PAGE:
Torres has gone just 3-4 in the last three years, but those numbers are misleading. The first of those losses came in a title defense where Torres relinquished his crown to Brian Bowles. He then lost to rising contender Joseph Benavidez, who went on to challenge for the belt at 135 and recently competed for the inaugural 125-pound belt. His other losses in that time? They came against current reigning UFC flyweight champion Demetrious Johnson and rising bantamweight contender Michael McDonald. Meanwhile, Torres was still able to dispose of bantamweight stalwarts Antonio Banuelos and Charlie Valencia, along with a heavy, 141-pound Nick Pace. Torres is still good, he’s just no longer elite.
Moraes might be touted as the next version of Edson Barboza, but he hardly has the resume to back that up at this point. He’s already lost four fights in his 13-fight career. However, he is a decorated Muay Thai fighter and has also trained in Brazilian Jiu-Jitsu for a number of years now. He might be a bit over-hyped as the next Barboza, but he’s no cake walk for Torres either.
The key here lies in Torres’ heart and determination. After an astounding 37-1 run to start off his career, his title loss to Bowles ushered in a period of inconsistency for the former champ. All the skills are there, but Torres has to regain that focus. If he’s not focused, Moraes might have a chance for the knockout win. If Torres is on his game though, look for another epic battle reminiscent of his wars with Yoshiro Maeda and Takeya Mizugaki.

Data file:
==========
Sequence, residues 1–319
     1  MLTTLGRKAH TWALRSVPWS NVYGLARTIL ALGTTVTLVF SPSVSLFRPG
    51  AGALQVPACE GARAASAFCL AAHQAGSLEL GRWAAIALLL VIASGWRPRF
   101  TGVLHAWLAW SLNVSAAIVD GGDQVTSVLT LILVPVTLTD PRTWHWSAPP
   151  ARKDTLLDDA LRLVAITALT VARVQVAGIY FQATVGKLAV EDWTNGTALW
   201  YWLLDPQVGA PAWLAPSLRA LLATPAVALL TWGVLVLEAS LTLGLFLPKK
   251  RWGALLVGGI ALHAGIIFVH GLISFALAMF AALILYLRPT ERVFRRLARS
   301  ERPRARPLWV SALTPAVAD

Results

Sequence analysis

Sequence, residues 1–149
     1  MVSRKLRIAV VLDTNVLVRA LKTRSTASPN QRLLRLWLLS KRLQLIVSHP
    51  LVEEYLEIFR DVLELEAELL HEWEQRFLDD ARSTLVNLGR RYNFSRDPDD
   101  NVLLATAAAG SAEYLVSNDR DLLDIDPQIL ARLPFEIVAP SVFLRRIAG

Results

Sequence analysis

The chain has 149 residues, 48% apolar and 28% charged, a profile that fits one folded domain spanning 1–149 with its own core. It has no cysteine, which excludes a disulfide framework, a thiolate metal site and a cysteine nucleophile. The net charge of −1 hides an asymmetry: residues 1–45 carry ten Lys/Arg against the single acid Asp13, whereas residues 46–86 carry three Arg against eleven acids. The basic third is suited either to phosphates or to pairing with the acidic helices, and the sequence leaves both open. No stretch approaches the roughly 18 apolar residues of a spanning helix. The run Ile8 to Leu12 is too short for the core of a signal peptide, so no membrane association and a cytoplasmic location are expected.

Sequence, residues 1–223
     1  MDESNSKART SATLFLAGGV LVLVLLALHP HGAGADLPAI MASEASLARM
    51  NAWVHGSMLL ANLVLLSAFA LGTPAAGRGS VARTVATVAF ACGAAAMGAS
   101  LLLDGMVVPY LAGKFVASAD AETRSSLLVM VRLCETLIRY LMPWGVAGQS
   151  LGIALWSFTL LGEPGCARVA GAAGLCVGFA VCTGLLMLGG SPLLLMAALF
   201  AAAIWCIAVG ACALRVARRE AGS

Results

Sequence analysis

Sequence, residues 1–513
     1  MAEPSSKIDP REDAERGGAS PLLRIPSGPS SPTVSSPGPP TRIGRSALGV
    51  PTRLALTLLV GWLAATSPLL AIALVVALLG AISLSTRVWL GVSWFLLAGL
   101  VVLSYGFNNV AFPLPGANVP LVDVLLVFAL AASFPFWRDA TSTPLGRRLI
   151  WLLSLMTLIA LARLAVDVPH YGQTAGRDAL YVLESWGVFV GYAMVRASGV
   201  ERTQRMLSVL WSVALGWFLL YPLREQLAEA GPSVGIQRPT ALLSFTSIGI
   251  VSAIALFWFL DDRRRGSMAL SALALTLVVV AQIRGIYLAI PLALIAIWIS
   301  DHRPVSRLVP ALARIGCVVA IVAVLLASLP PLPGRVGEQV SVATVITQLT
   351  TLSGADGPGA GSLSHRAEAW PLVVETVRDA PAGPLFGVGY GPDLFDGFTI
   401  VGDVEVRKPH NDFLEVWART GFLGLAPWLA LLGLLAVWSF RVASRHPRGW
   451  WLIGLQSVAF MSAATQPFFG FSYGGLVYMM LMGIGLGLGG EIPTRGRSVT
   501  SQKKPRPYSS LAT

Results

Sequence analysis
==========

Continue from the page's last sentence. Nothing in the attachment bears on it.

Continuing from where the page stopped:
More than likely, I think we’ll see the latter scenario. This has true Fight of the Night potential, and it either ends in a devastating KO win for Moraes or a hard-fought decision for Torres. My money is on Torres.
Kuhl: Moraes may be the second coming of Barboza, but look what happened to Barboza when he fought Jamie Varner. Even though Barboza beat some really game fighters on his rise to early deification, Varner was by far his toughest opponent and the world was shocked with his early dismantling of Barboza.
It seems at this point that Moraes has a lot more proving to do, especially since he’s already been both knocked out and submitted by guys that are much lesser fighters than the perennial veteran Torres.